Pamela Preston is an Assistant Professor at Saint Anselm College Department of Nursing in Manchester, New Hampshire. She has received her Doctor of Nursing Practice from Rush University in Chicago. She is currently teaching Community/Public Health Nursing.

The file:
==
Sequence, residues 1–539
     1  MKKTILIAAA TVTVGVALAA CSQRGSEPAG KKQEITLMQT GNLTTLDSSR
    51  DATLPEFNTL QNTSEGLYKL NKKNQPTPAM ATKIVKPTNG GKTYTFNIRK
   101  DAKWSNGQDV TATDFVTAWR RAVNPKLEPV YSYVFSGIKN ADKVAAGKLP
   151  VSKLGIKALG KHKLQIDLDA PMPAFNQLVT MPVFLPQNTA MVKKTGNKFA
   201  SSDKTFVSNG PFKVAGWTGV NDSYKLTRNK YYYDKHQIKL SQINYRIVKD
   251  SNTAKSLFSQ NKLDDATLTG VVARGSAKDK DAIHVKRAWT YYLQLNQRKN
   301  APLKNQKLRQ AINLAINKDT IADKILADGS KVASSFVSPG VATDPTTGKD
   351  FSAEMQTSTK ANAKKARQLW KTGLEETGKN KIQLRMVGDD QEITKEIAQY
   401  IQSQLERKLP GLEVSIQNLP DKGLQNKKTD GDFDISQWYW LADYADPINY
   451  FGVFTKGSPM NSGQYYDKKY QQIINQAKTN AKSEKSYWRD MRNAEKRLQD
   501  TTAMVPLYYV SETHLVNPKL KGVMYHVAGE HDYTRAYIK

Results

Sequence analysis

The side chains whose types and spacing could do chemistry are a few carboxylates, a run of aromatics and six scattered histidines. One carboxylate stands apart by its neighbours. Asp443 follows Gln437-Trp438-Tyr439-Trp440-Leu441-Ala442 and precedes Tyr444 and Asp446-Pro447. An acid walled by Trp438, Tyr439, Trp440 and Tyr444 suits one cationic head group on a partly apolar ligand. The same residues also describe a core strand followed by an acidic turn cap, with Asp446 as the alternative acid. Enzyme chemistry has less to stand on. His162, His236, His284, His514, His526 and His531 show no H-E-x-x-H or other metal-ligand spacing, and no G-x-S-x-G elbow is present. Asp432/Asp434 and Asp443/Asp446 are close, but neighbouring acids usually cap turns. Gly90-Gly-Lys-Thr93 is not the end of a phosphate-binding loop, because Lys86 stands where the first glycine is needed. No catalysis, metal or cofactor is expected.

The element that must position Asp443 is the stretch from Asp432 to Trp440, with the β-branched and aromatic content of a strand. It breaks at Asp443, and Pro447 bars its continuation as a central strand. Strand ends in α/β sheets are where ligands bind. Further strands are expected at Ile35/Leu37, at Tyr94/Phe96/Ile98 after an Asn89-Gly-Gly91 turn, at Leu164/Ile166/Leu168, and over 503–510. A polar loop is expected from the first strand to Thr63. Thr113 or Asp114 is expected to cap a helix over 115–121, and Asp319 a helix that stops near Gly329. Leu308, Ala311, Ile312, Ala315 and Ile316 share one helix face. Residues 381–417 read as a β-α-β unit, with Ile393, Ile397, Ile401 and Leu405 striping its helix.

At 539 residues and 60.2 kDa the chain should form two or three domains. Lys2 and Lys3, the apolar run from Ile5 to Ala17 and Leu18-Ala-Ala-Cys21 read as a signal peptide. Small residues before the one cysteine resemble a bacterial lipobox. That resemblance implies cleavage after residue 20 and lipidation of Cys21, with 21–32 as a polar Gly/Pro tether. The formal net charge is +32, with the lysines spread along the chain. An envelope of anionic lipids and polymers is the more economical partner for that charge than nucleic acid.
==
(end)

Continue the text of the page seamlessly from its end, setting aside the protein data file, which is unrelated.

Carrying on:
Current trends in healthcare emphasize a shift from acute care to community-based settings. It is challenging to provide appropriate community clinical learning experiences as programs compete for placements as resources are understaffed and overworked. As a result, Saint Anselm College, a traditional four-year baccalaureate college in New England, began incorporating a variety of diverse community/public health sites into the clinical rotation for the community/public health nursing course. Sites include urgent care centers, ambulatory care centers, wound centers, pain management, prisons, homeless clinics, cancer centers, parish nursing, department of health offices and visiting nurse programs. Second-year Junior and senior nursing students were randomly assigned to spend 10 clinical days at 1 or 2 clinical sites. The students participated in, planned and conducted diverse nursing and educational activities. At the end of the experience, the students completed evaluations consisting of a Likert scale and open-ended questions to rate the experience. The purpose of this study was to compare the student perceptions of the value of experiences and impact on learning outcomes.